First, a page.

I started with a RPC in my shop and another member that I lives in the same town explained what a VFD will do. I have not added them to my Mill, Lathe and bandsaw. I must say pound for pound it was the best thing since slice bread, maybe it is even better than slice bread. I would not think of using one without adding the switches and pot to make it convient at the machine front. Now I just turn the little knob and away I go. No more changing belts unless I need to go to backgear. This is also the case on the lathe. The bandsaw now slow down for steel and speeds up for aluminum with just a twist of the knob. I liked them so much I bought 6 2HP units on Ebay and have plenty to spare.

                        I'm betting you couldn't be happier once it is hooked up.

                        Jeff

                        Here are three pictures. I used the forward/reverse switch on the lathe and the on/off switch on the bandsaw. On the mill I added a new box so I didn't need to reach the top mounted switch.





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                        • #13
                          Originally posted by Magee
                          I think it would probably be a good idea to disable the stock switch on whatever machine you'll be running... VFD's don't like discharging rapidly (from what I've heard). ie: powering up the VFD with the machine switch off, then throwing the switch on = bad things. Again, this is just what I've heard. I didn't care to experiment.
                          I didn't know this was dangerous, but I've tried this experiment. I have a VFD on my Bridgeport. Using the switch can work, but a lot of the time, the controller shuts down with an over-current fault. I can reset the fault and continue with everything fine, but normally, I just leave the switch on and let the VFD be the on/off, speed, and direction control.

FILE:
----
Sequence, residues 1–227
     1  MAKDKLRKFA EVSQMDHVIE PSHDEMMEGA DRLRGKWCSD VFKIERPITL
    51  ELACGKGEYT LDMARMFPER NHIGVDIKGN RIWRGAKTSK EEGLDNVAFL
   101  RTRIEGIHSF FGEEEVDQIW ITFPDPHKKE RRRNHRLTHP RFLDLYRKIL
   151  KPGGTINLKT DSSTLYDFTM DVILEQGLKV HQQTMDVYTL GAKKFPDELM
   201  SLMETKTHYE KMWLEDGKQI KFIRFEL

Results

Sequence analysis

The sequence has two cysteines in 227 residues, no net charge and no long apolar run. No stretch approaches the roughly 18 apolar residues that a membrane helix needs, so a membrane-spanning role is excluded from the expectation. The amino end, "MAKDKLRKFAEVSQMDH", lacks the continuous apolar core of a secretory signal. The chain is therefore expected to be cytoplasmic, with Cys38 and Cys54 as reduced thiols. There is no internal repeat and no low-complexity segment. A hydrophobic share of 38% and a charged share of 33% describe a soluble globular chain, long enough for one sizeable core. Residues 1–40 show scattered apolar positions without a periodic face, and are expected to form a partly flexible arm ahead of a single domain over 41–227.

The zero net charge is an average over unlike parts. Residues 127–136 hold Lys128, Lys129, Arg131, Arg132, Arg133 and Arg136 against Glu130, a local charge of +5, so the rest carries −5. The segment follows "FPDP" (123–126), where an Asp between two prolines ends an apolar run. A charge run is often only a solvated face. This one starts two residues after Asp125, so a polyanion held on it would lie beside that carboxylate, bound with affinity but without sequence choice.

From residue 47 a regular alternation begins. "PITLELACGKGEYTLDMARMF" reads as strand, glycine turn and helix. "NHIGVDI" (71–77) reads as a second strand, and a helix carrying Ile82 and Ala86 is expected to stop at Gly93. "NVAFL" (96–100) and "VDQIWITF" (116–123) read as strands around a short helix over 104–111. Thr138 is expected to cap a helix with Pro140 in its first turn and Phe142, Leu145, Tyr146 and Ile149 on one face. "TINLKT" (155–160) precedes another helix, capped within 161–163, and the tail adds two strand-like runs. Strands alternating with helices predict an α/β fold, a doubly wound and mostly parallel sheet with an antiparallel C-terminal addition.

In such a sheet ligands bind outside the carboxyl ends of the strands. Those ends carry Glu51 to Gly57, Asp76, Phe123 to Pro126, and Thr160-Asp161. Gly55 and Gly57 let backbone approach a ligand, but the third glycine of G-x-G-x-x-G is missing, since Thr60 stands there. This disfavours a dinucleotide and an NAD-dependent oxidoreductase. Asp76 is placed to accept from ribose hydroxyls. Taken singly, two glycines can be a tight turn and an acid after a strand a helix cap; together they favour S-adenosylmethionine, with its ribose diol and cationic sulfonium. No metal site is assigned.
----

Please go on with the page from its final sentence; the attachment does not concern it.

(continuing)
I've read the manual on the VFD. It's got any number of safety features built in so it "plays nice" with the local wiring and my machine. I like the soft start and the decel features - it's easy on the machine. I don't use the machine's original switch anymore, though - the VFD is more convenient.

                          FWIW, the largest VFDs I've seen that turn single-phase into 3-phase are 3HP. Anything 3HP and below that needs to use single-phase power is best run with a (quiet, safe, versitile) VFD. IMHO. Above 3HP, you can still use a VFD, but you have to jump through hoops.

                          -Mark
                          The curse of having precise measuring tools is being able to actually see how imperfect everything is.

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                          • #14
                            My J head BP (with shaper head too) and shaper are run off of the same VFD. Just used twist-lock plugs and can then swap it around. Plus a VFD is alot smaller than a RPC. I've got so little room in my shop / garage that I've got 3 cars double stacked. I haven't seen the floor in years.
                            Tom

                            Be careful what you wish for, you might just get it!

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                            • #15
                              I took the same route and got a VFD for my 3HP mill. http://www.yucholian.com/metalwk/metalwk.htm